You're asking for a kickback by refraining from using the fence. There is a
guide made just for this and it's not expensive or hard to make.
Never heard that, anywhere, ever. And ... makes no sense, especially
because of the
potential danger involved.
OTOH, widely published advice to not trap the work with blade angled
the fence makes eminent sense.
Jim Tolpin, p88 Table Saw Magic:
"SAFE BEVEL RIPPING
Whenever the blade is tilted toward the fence, the stock between the
the fence is captive, and cannot rise off the table. Such pieces are
prone to being thrown back toward the front of the saw. ..."
Not to mention that if the stock is not flat, it's possible that it
will rise as it
passes the blade and thus cut into the stock beyond the desired cut
the blade tilted away from the fence, such stock would have some
material left if it rises. Subsequent pass would remove that; no harm-
And ... with blade tilted toward fence, there is much more danger to
pushing the end of the stock past the blade
Ripping anything without a fence is an invitation to kickback.
There's nothing wrong with using your fence while the blade is
tilted. That's the "right" way to make the cut.
I'm guessing the warnings you read probably had to do with the danger
of using the fence as a length stop while cross cutting with the miter
gage that travels in the slot in your table.
In general, you should not use the fence if the part of the board next
to the fence will be wider (blade to fence) than it is long (along the
fence). The danger there is that the relatively short part against
the fence can easily be cocked out of alignment, throwing one corner
into the rising teeth on the back side of the blade while the opposite
corner is pinched against the fence. It's this pinching action that
gives kickback its power.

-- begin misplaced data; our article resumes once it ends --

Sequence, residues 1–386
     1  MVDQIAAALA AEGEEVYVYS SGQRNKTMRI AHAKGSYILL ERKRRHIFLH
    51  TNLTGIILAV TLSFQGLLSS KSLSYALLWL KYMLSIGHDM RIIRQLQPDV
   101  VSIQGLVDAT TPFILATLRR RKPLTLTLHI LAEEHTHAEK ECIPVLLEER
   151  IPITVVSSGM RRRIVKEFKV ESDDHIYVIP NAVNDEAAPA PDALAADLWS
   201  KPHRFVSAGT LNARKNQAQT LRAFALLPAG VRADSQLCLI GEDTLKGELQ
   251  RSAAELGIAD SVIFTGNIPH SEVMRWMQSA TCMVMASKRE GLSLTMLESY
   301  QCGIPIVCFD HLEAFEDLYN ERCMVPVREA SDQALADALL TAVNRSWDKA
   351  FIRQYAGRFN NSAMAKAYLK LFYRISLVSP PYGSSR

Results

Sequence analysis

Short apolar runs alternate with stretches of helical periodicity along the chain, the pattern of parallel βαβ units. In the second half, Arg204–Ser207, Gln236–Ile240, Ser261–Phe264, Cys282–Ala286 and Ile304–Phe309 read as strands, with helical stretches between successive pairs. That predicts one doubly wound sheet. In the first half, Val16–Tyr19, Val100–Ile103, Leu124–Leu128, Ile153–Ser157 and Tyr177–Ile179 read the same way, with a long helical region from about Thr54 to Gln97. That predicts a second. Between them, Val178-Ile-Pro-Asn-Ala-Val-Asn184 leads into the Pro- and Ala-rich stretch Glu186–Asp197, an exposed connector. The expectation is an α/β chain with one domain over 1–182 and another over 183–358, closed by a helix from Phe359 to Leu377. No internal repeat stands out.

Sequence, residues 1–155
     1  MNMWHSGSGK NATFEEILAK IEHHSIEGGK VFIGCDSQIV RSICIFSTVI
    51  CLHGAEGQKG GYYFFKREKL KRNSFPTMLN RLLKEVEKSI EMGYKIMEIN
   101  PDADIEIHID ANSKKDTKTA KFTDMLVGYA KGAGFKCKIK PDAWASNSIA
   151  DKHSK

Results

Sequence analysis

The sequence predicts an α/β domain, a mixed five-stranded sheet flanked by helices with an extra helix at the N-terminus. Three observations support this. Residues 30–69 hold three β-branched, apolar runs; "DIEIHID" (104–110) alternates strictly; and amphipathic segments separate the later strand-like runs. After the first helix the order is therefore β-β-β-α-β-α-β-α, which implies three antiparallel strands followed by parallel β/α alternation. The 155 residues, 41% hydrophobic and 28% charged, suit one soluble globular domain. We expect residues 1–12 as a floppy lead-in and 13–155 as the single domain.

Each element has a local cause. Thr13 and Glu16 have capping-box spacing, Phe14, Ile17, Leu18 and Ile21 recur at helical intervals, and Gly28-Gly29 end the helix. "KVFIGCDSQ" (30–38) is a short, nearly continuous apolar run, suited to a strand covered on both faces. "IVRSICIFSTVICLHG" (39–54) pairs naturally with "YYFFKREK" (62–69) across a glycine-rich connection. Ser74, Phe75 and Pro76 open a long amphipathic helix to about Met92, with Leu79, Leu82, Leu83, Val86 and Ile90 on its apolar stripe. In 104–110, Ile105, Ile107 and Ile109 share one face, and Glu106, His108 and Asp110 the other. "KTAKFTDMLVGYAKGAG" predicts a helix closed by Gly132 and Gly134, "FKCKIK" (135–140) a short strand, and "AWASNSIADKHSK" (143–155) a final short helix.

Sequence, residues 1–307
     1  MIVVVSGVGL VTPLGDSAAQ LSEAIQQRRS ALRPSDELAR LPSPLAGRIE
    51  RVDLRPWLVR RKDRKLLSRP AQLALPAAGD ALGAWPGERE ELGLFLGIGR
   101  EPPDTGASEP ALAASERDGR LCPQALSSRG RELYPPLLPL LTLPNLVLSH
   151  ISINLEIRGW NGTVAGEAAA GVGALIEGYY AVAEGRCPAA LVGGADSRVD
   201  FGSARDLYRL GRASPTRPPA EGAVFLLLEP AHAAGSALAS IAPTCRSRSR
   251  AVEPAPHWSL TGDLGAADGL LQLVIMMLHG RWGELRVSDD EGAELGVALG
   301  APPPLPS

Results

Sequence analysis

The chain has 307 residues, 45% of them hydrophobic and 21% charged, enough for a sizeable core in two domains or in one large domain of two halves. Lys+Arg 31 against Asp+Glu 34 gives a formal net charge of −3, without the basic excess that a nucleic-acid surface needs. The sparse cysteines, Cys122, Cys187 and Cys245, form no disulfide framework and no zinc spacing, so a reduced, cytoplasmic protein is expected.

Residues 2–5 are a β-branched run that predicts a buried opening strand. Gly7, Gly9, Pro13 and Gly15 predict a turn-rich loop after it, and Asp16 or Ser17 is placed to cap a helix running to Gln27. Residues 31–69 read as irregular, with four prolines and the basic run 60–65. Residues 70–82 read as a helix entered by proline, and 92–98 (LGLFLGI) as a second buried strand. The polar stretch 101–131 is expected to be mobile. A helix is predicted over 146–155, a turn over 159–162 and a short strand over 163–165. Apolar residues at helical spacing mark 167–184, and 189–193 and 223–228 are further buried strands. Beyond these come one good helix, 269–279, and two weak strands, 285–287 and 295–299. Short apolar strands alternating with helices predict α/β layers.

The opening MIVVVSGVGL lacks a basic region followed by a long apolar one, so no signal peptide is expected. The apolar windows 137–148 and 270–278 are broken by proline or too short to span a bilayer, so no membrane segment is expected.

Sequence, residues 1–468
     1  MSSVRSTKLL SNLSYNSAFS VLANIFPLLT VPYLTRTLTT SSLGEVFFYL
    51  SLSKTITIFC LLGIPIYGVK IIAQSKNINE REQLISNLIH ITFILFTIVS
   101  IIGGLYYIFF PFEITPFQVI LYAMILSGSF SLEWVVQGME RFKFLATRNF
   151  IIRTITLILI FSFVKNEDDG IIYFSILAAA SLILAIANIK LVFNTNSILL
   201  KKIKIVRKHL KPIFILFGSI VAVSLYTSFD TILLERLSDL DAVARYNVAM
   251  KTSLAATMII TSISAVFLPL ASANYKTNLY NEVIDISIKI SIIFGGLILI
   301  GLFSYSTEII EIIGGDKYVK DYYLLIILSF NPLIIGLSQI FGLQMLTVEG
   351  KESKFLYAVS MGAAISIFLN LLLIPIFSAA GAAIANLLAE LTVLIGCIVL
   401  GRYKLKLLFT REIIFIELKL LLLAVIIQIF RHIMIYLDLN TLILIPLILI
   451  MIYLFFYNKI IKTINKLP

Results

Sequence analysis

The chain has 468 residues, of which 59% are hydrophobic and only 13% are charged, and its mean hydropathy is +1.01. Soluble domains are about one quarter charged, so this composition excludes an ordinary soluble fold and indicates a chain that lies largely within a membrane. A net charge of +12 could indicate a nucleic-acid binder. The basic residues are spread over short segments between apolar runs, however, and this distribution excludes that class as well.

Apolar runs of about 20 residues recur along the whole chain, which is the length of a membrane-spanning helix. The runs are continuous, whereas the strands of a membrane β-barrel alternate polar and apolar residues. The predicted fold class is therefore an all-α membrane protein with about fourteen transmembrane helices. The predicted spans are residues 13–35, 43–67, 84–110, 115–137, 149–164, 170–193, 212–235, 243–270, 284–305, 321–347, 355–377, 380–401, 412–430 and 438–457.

Do a google search within this group on "kickback". You'll find a
great deal of discussion and some really good explanations by some
guys who put a lot of thought into the hows and whys.
"In theory, theory and practice are the same, but in practice, they
However, as others have said you generally want the blade tilted away
from the fence.
Also, if you are running a piece with a bevel already ripped on it along
the fence, you generally don't want to put the point of the bevel flat
on the table as it could slide under the fence a bit. (Most fences
don't come right down to the table.) In this case you either need to
flip the piece over (so the point of the bevel hits the fence securely)
or else use a secondary fence that goes right down to the table.
I think what you read was actually more along the lines of "Don't use
the fence and miter gauge at the same time" OR "When using the fence with
the blade tilted, move the fence to the side of theblade such that the
top of the blade is tilted _away_ from the fence."
There are no stupid questions, but there are lots of stupid answers.
Larry Wasserman - Baltimore Maryland - lwasserm(a)sdf. lonestar. org
All of you are correct. The instruction is not to use the bevel guide and
the fence at the same time. I guess nothing it too obvious to put in
instructions. I learned a lot for the other particulars of your posts.
Communication is facilitated when everyone uses the same terminology for the
same thing. In this case, what you refer to as the "bevel guide" is properly
termed the miter gauge.
A bevel and a miter are not the same thing. A bevel is made by crosscutting or
ripping, with the blade tilted at some angle away from vertical. A miter, on
the other hand, is made with the blade vertical, and the cut line at some
angle other than 90 degrees to the edge of the board. When the two are
combined, it's called a compound miter.
Doug Miller (alphageek at milmac dot com)
On Mar 23, 5:32 pm, email@example.com (Doug Miller) wrote:
The haze surrounding this thread is somewhat cleared up by Doug Miller
who correctly defines the difference between a miter and a bevel
cut. If the original poster refered to using the fence and the miter
gauge at the same time we all know that is an invitation to kickback.
For those who have the Unifence ( the Delta manufactured fence for the
Unisaw) you can slide the fence toward the operator,(It operates
independently of the clamping mechanism) leaving no fence where the
stock passes the blade. You are still able to use the fence near the
leading edge of the blade to set repeatable lengths.
A way to due this with other manufacturers fences is to clamp a
short block to the fence near the leading edge when the stock passes
the blade it will be guided by the miter gage alone.
HomeOwnersHub.com is a website for homeowners and building and maintenance pros. It is not affiliated with any of the manufacturers or service providers discussed here.
All logos and trade names are the property of their respective owners.